The Brains behind the Breakthroughs

The Brains behind the Breakthroughs-image

Wednesday, 4 March 2015

A research showcase, “The Brains behind the Breakthroughs”, will be hosted by the NUI Galway Neuro Society at 7pm in the Westwood Hotel on Monday, 9 March. This free public seminar will showcase the depth and scale of brain research being conducted in NUI Galway. Designed specifically for a lay audience, it promises to give an insight to the life of a neuroscientist and the approaches being taken to tackle some of the biggest questions about the brain. Professors, senior research scientists and students will present a variety of perspectives on their current areas of research which range from increasing our understanding of pain and brain pathology to the latest in medical neuroimaging and genetic studies. Professor David Finn will introduce proceedings as head of the Galway Neuroscience Centre which represents the multi-disciplinary research groups focused on neuroscience in NUI Galway. Auditor of the NUI Galway Neuro Society, Michelle Naughton, adds: “This event is for anyone who is curious about the brain and what we have still yet to learn about it. With many exciting new developments in the field of neuroscience, this showcase will demonstrate the substantial research being undertaken in NUI Galway to advance our current knowledge.” As an additional Brain Awareness Week event, on the 11th and 12th March, NUI Galway’s Neuroscience Centre will be holding an exhibition in the Aula Maxima aimed at teaching secondary school students about the brain and disorders of the nervous system. This event is being hosted to celebrate, Brain Awareness Week (9-15 March), which is a global campaign to increase public awareness of the progress and benefits of brain research. It is a worldwide celebration of the brain that grows more successful every year. For more information contact neuro@socs.nuigalway.ie or check out the NeuroSoc NUI Galway facebook page. -ends-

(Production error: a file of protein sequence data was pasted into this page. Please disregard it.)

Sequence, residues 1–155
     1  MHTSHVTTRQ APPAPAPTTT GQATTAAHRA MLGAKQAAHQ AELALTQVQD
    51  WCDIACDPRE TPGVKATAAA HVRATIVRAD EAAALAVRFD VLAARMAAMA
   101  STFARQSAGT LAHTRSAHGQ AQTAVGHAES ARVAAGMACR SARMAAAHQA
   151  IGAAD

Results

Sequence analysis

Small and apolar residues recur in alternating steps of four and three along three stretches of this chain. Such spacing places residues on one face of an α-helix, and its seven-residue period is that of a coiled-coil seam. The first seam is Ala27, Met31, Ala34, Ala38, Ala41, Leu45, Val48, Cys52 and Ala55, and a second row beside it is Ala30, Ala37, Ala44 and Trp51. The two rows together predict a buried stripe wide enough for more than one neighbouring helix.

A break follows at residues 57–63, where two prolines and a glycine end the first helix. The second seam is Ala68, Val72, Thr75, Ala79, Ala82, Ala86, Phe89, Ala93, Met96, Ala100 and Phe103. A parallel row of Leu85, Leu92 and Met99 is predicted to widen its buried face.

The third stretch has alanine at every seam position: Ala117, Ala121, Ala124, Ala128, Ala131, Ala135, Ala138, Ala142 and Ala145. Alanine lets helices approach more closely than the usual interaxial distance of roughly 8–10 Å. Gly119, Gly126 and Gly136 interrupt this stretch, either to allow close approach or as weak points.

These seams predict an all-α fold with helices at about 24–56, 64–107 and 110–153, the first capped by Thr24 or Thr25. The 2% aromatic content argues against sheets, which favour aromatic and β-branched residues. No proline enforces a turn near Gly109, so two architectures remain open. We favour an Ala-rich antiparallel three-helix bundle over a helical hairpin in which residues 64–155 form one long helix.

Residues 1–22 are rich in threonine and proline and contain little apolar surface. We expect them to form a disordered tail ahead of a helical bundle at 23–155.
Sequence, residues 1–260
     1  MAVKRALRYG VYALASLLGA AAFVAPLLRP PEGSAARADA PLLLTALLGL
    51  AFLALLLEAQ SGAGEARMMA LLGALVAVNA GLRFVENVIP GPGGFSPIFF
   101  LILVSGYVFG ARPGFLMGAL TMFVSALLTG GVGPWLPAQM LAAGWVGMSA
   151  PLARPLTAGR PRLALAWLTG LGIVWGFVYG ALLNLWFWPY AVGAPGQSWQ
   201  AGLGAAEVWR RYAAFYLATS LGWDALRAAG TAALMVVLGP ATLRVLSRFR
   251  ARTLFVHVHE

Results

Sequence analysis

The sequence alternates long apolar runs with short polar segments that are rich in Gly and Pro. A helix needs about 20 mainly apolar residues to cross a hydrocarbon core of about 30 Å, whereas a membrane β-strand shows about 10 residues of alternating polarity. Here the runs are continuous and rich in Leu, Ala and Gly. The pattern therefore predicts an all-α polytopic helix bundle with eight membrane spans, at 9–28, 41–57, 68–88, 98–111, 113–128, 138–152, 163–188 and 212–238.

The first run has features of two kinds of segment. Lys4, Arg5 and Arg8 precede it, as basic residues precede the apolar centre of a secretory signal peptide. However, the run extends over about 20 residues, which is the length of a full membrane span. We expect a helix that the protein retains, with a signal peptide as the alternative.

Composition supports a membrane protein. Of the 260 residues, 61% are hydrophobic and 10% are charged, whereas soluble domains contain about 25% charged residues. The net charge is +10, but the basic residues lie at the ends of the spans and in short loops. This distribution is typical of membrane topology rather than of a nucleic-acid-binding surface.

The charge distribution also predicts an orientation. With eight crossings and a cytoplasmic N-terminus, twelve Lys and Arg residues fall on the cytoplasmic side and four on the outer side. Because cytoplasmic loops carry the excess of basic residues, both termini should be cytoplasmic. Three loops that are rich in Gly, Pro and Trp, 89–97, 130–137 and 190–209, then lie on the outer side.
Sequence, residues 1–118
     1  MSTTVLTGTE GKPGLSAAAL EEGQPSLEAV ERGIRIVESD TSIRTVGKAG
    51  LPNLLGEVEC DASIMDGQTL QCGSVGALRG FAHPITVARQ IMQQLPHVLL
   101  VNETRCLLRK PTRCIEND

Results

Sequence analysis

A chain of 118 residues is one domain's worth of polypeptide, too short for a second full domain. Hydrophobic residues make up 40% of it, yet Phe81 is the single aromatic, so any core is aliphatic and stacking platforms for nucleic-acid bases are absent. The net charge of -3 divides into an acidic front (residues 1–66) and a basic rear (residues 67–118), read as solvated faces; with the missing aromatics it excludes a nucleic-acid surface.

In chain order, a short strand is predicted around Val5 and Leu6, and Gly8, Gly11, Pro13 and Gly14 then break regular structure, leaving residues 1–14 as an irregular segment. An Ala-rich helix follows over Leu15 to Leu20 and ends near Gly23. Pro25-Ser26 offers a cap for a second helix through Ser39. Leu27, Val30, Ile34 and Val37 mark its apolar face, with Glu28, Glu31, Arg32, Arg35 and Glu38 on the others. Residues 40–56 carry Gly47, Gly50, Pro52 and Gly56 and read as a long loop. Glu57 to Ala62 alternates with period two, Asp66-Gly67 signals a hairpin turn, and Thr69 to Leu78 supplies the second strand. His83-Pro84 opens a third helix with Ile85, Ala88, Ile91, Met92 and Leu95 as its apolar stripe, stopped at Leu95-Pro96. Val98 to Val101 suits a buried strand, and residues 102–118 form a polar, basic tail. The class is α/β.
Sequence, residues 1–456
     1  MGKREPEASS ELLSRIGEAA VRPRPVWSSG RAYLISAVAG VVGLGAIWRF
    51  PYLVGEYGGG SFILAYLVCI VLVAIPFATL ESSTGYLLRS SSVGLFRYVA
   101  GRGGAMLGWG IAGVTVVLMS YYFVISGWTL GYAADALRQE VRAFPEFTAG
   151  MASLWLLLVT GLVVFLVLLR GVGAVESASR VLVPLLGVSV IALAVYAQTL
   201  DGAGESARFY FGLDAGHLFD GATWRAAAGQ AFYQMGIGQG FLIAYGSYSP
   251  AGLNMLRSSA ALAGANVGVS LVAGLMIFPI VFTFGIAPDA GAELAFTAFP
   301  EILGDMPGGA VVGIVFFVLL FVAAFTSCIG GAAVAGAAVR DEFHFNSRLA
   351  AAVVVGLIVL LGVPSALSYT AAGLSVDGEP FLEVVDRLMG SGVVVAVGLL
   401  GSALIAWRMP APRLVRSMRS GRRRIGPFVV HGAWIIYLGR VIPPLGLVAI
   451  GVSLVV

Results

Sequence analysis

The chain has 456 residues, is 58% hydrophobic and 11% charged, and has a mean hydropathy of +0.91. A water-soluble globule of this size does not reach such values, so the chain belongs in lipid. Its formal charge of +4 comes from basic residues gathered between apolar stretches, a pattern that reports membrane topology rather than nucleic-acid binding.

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NUI Galway Announces Opposition to Galway City Transport Project

NUI Galway Announces Opposition to Galway City Transport Project-image

Thursday, 5 March 2015